While some brokers do not charge any fees to trade fractional shares, others apply the same fees as if you would be buying or selling whole shares. For this reason, the fees will most likely represent a higher percentage of the whole trade, than if you were to buy or sell whole shares. This is one of the disadvantages of trading or investing in fractional shares, and you should be aware of the fees charged by your broker. 

3. Limited voting rights

Voting rights are usually attributed on a per-share basis, and for that reason, if you do own a whole share of a certain company you have no voting rights. This is another disadvantage that you should consider if you are thinking of investing in fractional shares.

4. Some stocks don’t have fractional shares

While fractional shares are available for most large-cap US companies, you cannot invest in every stock using fractional shares. For small and mid-caps, fractional might not be available, and investors should be aware of it.

5. Dividends 

While fractional shares still receive dividends in some cases the dividend might be far too small to be paid, for example, if it is under one penny. Moreover, the dividends fees collected by your broker could be higher than the dividend itself. 

What kinds of investors can use fractional shares?

For retail investors, fractional shares are proving to be extremely popular. Especially among new traders, and people who want a simple do-it-yourself approach to saving and investing. 

Though the dynamics are no different than whole shares, fractional shares are somewhat easier to understand from a new investor’s perspective because they deal purely in dollar values rather than in share numbers. 

The really powerful aspect of this strategy comes in two primary forms: 

  • Access to expensive companies and offering investors a cost-effective diversification method 
  • Allows investors to deploy their capital, even if it is a small sum of money
  • Because of the nature of fractional shares, investors don’t need the full amount of a single share in order to own stock in that company 
  • Reduces the risk of being forced to have a concentrated portfolio, allowing investors to easily diversify across different stocks

Fractional shares have leveled the playing field for retail investors. However, at least one disadvantage seems to be highly dependent on the broker you use. Some brokers still charge transaction commissions on fractional shares. Since retail investors often buy fractional shares with small sums of money the commission might have a large impact on the returns.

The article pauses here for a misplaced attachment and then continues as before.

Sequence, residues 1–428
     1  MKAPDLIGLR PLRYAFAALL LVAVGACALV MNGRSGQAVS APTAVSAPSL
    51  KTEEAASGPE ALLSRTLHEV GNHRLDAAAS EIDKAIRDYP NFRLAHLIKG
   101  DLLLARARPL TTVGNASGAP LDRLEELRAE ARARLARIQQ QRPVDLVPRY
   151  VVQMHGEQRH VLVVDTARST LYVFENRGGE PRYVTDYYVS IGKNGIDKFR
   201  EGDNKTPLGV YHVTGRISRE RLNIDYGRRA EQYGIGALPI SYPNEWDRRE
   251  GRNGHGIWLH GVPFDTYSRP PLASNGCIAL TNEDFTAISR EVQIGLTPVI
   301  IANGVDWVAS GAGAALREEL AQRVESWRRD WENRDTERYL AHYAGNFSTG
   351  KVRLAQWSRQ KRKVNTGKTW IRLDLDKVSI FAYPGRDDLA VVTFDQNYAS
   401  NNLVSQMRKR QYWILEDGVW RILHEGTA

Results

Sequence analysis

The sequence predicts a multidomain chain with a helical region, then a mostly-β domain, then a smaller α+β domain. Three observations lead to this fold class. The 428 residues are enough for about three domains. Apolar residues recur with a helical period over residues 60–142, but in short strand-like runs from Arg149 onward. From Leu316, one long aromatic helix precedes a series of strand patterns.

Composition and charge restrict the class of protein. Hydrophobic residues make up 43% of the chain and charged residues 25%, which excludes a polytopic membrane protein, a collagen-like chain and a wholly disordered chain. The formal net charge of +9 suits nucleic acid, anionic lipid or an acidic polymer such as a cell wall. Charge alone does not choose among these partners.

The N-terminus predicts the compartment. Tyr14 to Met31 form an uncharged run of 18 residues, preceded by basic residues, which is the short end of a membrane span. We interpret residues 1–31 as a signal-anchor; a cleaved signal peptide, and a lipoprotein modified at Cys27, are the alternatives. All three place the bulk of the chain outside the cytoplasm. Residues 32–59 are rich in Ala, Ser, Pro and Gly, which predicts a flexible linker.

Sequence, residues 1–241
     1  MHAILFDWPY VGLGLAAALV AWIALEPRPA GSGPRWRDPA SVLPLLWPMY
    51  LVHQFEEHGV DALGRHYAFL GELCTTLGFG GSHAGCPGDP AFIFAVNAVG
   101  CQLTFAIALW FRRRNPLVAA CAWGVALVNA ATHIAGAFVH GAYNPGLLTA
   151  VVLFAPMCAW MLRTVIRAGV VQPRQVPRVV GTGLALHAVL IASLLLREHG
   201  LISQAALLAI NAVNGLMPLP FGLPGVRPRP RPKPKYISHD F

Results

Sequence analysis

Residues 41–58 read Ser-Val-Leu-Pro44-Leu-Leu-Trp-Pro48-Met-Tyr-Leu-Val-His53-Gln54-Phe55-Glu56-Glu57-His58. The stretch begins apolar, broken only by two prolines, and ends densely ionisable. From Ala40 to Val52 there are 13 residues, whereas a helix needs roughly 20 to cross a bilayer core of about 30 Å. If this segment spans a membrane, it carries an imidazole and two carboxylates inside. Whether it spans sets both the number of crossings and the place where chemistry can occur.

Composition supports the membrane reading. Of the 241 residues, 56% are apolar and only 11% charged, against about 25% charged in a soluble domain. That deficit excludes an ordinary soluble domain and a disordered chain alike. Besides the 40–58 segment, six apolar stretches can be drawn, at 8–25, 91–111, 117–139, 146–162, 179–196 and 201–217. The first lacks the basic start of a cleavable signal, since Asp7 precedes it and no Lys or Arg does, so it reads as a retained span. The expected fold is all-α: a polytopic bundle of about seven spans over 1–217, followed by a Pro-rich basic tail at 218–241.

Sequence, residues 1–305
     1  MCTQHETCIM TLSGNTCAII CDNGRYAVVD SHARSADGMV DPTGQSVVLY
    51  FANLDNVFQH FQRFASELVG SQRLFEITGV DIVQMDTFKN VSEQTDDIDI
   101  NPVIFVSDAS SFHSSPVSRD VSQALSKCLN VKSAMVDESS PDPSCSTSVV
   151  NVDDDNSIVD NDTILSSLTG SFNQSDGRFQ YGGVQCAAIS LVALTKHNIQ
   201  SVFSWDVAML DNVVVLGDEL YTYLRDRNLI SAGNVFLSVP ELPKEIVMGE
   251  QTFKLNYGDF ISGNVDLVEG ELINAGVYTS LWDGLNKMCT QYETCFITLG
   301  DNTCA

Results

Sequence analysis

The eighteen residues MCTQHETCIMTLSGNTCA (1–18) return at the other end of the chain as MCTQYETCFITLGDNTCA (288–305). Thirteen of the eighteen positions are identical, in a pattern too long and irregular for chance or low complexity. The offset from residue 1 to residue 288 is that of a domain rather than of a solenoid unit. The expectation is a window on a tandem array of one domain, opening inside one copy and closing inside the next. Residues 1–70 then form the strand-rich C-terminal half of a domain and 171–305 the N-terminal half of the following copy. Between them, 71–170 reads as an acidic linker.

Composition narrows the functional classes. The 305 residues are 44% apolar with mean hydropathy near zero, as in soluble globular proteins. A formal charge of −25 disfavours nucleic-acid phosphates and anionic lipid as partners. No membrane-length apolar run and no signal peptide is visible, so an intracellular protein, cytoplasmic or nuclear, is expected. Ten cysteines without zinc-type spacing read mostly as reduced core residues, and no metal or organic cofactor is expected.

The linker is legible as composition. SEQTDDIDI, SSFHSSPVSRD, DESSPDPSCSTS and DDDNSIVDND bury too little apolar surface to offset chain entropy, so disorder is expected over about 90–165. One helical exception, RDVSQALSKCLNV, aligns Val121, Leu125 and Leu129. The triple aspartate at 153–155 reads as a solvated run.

How to use fractional shares to your advantage

With the collapse of savings rates across the globe, more people than ever before are turning to the stock market for solutions to their long-term financial goals

As more investors join the market each year, a high-level analysis attempting to explain this trend might attempt to incorporate the explosion in both the popularity and number of investing apps available for smartphones that have made it easier than ever before for people to participate. 

But it may be the mechanism of fractional shares purchases that is providing the fuel for growth in the retail investing industry as this strategy lowers the financial barriers to some of the world’s most valuable companies.


As we outlined above, fractional shares allow retail investors to get access to all of the gains and losses that stock experiences. While at the same time receiving dividends as well as other payments to shareholders. The second advantage, cost-effective diversification, comes into play when you combine this access with a wider market strategy. 

Rather than being limited to a smaller pool of affordable investments. Through fractional shares, investors can funnel their money into various companies at varying levels of risk and reward. Allowing them to harness the powers of diversification to shield them from market downturns.     

Fractional Shares FAQ

Are fractional shares a good idea?

Despite the few disadvantages fractional shares have, they are generally a very good idea. In fact, fractional shares are one of the best investing innovations in the last decades, becomes it democratizes access to financial markets. While for years people used to think that investing in the stock market was only for the rich, this common investing myth has been long debunked, with the introduction of discount brokers and fractional shares.

Can you make money on fractional shares?

Obviously, investors can make money with fractional shares, either investing in them for the long term or trading them in the short term. Despite not owning a whole share, whenever the stock price rises, the value of your fractional shares will also rise by the same amount.

Do fractional shares earn dividends?

Yes, fractional shares also collect dividends, however, the dividend you will receive will be proportional to the percentage of the whole share you own. So for instance, if you own 10% of a stock that pays a $1 dividend, you will receive $0.1.

Is it hard to sell fractional shares?

One of the biggest disadvantages of fractional shares is the lack of liquidity because they are less traded than whole shares. For this reason, you may find it harder to sell your fractional shares, and you may see a larger bid-ask spread than in whole shares. However, if you invest only in fractional shares of large caps stocks, the liquidity will be higher, and therefore it will be easier to trade those stocks.